Jesse Singal laments the decline of the traditional college roommate experience, in which you’re paired with a random classmate:
It’s unlikely a circa-2014 college freshman will ever have to go more than a few hours without having a chance to communicate with distant loved ones. All of which only makes the rando roommate more important.
Just ask Bruce Sacerdote, a Dartmouth economist and one of the leading researchers into the effects college roommates have on each other. Sacerdote is a fan of random roommate assignment. Partially, that’s because it’s exactly the sort of event just about all social scientists love: a predictably timed injection of randomness. In what other situation could a researcher — ethically, at least — say, “Hey, let’s see what happens when you have a white Midwesterner live in close quarters with a Vietnamese immigrant for a year!” Since colleges have loads of data about who kids were before they matriculated — and since it’s easy to keep track of them in the years that follow — random roommate assignment is a unique opportunity to study how humans influence one another.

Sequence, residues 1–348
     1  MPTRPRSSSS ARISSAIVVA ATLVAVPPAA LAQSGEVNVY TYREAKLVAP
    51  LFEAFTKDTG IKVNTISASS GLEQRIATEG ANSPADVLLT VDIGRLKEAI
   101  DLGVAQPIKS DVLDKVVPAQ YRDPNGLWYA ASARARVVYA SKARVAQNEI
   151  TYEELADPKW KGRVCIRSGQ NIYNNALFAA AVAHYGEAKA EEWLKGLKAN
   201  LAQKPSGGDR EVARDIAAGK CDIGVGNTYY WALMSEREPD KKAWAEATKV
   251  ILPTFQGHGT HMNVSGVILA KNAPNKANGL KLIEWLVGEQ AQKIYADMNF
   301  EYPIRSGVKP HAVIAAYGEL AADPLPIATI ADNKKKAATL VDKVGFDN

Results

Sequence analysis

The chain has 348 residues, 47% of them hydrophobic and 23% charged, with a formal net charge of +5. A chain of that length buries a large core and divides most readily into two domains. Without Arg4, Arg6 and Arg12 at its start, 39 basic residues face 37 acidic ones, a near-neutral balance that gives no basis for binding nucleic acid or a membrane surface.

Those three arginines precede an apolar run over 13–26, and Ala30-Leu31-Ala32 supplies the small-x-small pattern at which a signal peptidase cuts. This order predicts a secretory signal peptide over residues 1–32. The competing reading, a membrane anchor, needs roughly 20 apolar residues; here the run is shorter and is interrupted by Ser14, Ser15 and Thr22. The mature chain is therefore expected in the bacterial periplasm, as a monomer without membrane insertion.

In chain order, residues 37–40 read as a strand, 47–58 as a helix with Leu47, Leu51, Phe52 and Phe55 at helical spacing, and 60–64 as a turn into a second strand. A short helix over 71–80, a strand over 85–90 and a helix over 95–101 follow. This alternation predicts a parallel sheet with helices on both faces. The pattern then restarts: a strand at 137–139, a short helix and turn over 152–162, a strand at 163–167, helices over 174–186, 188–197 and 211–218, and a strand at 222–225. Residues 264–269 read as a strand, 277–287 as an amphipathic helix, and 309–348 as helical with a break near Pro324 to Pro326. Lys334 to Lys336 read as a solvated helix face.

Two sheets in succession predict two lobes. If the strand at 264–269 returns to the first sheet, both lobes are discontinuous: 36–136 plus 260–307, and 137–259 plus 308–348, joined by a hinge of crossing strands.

Singal goes on to cite research showing how beneficial roommates-of-difference can be:
According to Sacerdote, research shows that rooming with someone from a lower socioeconomic class “impacts your attitudes about financial aid, about redistribution,” leading to greater support for policies that help close the wealth game. It’s easy to see why: Rich kids tend to come from rich towns, and as a result don’t have much of a sense of what it means to struggle economically. But if you live with someone who is living financial aid check to financial aid check, things will (hopefully) snap into perspective pretty quickly.
This is well and good, until you consider how it goes for the learning-experience-providing roommate.